Notes on BWV 150

Probably the earliest surviving cantata we have, BWV 150 was likely given in Arnstadt sometime around 1706-07. Written after Bach’s famous journey to Lübeck (a distance of over 200 km – which he covered on foot!) to hear the legendary organist, composer and scholar Dietrich Buxtehude, this cantata might represent the young Bach as he absorbed and internalized the techniques and ideas learned from the venerable old master.

Not written for any specific occasion, the text is partly taken from Psalm 25 (Verses 1, 2, 5, 15), and augmented with free verse (that some even attribute to Bach himself). Somewhat remarkable is the virtuosic treatment of the Bassoon, an instrument that usually doubles the cello and bass of the continuo group – and the fact that there are no violas.

The opening Sinfonia, for two violins and basso continuo, features a gripping chromatic descending line – a portrayal of longing – which is alternately taken up by all three instrument groups at various times. The somber key of b minor will stay with us for most of the 17-minute work.

The first chorus uses the same chromatic idea from the Sinfonia, but Bach now precedes it with an upward-reaching octave – lending even more to the feeling of longing and despair, as the vocal lines enter one after another. A rough-and-tumble section follows, as the chorus begs “Lass mich nicht zu Schanden werden” (don’t let me be disgraced) which is interrupted by a very short, pleading Adagio on the same text. Bach concludes this number with a lively fugue.

The short Aria for soprano, which follows, contains a large variety of musical ideas, none of which are explored very deeply or developed (something which the mature Bach would later take to staggering heights). However, there is some vivid word-painting to be found, notably illustrating “Kreuz, Sturm” (lit: Cross, Storm) whereby the continuo sounds the musical image of the cross while the violins smash away at the storm, and the downwards leap of a diminished seventh in the vocal line for the words “Tod, Höll” (Death, Hell).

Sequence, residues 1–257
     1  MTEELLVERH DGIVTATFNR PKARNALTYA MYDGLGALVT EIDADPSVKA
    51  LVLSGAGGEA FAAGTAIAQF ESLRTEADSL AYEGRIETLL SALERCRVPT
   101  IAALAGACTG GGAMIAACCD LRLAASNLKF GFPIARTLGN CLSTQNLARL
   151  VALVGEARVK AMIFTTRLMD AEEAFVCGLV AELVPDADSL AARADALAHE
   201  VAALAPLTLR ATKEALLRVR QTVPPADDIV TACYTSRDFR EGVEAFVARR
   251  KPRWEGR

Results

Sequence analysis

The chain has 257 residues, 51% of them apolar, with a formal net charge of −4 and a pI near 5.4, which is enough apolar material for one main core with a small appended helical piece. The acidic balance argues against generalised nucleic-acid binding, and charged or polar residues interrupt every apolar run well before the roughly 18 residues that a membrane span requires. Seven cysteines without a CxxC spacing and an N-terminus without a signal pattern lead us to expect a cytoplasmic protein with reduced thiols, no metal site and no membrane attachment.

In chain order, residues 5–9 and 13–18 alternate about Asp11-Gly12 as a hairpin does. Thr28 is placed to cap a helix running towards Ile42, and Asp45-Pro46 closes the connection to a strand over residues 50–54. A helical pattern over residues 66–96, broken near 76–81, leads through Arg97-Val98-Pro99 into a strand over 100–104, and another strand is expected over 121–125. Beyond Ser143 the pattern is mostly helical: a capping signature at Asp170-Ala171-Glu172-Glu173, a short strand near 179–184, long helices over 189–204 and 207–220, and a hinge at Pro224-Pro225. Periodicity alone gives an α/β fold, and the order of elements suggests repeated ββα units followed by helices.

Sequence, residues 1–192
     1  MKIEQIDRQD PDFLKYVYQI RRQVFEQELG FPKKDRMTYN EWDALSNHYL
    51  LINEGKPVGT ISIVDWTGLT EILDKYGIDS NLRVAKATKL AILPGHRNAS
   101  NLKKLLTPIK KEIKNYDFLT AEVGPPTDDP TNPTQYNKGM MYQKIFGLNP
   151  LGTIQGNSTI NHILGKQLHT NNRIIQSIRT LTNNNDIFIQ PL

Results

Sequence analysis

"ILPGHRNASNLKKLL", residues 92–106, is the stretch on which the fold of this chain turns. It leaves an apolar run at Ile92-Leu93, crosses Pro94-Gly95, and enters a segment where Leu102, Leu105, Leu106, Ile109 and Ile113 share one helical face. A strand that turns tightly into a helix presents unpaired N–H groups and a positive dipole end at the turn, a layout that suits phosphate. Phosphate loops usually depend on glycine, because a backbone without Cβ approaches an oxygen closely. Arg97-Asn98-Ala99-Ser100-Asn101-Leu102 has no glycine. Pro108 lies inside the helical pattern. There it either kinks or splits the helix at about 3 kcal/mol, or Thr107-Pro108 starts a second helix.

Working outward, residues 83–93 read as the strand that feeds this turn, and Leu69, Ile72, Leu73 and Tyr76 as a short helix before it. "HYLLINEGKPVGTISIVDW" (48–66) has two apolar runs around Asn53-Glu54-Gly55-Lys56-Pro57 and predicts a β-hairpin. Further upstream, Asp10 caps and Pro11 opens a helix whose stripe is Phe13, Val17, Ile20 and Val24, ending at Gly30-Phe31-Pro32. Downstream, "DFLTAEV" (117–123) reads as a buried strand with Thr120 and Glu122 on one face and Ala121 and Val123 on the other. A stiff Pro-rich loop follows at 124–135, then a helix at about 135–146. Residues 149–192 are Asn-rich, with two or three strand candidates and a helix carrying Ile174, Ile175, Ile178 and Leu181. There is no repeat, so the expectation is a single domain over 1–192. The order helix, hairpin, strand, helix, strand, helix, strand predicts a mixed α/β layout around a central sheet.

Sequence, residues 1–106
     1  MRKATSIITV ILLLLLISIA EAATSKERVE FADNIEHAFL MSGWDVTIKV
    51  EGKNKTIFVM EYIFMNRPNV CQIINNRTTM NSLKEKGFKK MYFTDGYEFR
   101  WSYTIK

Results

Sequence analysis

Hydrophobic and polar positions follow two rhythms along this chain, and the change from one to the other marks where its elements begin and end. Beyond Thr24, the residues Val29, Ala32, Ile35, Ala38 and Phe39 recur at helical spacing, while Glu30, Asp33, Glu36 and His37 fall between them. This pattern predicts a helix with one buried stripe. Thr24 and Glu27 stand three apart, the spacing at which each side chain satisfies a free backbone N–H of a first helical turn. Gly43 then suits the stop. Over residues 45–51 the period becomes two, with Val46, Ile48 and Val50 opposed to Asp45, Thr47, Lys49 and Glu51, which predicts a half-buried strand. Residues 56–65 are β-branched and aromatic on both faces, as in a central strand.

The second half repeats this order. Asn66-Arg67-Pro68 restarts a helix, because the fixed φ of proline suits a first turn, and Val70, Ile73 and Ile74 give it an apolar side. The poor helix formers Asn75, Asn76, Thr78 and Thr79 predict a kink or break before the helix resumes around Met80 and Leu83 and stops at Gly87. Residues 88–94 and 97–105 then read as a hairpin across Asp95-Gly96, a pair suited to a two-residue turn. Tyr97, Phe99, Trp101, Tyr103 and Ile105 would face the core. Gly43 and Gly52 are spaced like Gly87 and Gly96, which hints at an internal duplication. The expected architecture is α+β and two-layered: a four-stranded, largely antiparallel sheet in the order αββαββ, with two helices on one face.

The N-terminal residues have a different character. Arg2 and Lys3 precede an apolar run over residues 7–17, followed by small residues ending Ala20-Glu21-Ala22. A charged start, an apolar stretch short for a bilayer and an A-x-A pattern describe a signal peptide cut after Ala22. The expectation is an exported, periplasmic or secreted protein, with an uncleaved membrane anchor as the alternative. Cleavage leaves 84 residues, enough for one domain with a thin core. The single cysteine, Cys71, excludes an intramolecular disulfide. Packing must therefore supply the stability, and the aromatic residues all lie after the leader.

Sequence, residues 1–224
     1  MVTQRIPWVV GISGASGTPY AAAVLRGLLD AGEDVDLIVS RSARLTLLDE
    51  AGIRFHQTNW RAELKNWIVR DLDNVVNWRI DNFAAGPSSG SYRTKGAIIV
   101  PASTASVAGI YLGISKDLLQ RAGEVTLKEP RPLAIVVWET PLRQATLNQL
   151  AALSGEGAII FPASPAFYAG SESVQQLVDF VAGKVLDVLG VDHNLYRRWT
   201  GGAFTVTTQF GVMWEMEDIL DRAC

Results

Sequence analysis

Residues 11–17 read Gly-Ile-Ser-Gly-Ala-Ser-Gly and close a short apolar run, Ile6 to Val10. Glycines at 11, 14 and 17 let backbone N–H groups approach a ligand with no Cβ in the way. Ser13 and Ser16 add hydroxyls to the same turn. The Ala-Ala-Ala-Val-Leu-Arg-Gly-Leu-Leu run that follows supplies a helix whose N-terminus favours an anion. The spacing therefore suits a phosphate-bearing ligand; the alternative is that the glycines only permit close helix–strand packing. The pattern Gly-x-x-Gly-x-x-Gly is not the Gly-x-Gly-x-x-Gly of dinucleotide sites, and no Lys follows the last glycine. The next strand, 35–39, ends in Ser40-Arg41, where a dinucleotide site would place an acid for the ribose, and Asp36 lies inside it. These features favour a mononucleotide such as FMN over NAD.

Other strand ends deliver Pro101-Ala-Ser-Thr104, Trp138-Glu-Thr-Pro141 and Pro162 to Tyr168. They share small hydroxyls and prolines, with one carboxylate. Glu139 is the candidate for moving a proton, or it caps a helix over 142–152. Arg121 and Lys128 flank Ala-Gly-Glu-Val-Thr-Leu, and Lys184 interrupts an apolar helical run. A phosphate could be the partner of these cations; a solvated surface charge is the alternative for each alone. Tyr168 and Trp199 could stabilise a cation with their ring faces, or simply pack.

The next chorus opens with one of the most illustrative and ingenious ideas in this cantata: While the text reads “Leite mich” (lead me) a continuous scale rises upwards from the depths of the basses, through every voice of the chorus to end in the uppermost registers of the violins. This is doubly clever in that the German word for scale is also Leiter (or Tonleiter), thereby the chorus’ incantation of “Leite mich” serves as a compositional directive – which Bach follows admirably! This introduction gives way to a small, fleeting digression very reminiscent of the first outburst from the first chorus. After a slow middle section, an ornate conclusion follows with many imitative entries. Though strikingly similar in form, this number never attains the complexity of the opening chorus.The Terzett for alto, tenor and bass is in refreshing D-major, and compares Christian steadfastness (evoked by the marvelously calm and stoic vocal lines) to tall cedars enduring storm and wind (that we hear in the non-stop commotion of the cello and bass). After the voices finish, the bassoon is given the last word in a gleeful descending arpeggio.

The penultimate chorus is in binary form, the opening majestic and confidant, still in D- major, declaiming: “Meine Augen sehen stets zu dem Herrn” (my eyes always look to the Lord) with quite a lot of fanfare in the violins and the bassoon. The second half suddenly plunges us back into b-minor, as we begin an allegro fugue on a very complicated rhythmical figure set to the text “denn er wird meinen Fuss aus dem Netze ziehen” (for he will pull my foot from the net) and as performers it is all we can do not to get caught in this web of complications ourselves! The concluding phrase has one of the most wonderful chromatic passages (again descending!) that we hear in the entire piece, and abruptly ends in B-major.

The last chorus may be in silent homage to Buxtehude, using one of his favorite devices – the chaconne, where a steady, repeating bass-line forms the foundation upon which the upper voices combine in ever-different ways. As the dramatic tension builds, so does the intensity of the violin and bassoon writing, culminating in a driving, insistent figuration that suddenly gives out to the simple yet resounding conclusion of the work.

One of the subscribers to the complete Bach edition in the 19th-century was Johannes Brahms, who used this bass-line as the principal thematic element in the last movement of his fourth symphony (altered with the addition of a chromatic half-step before the second-to-last note).

J. Kuerti Boston, January 2008

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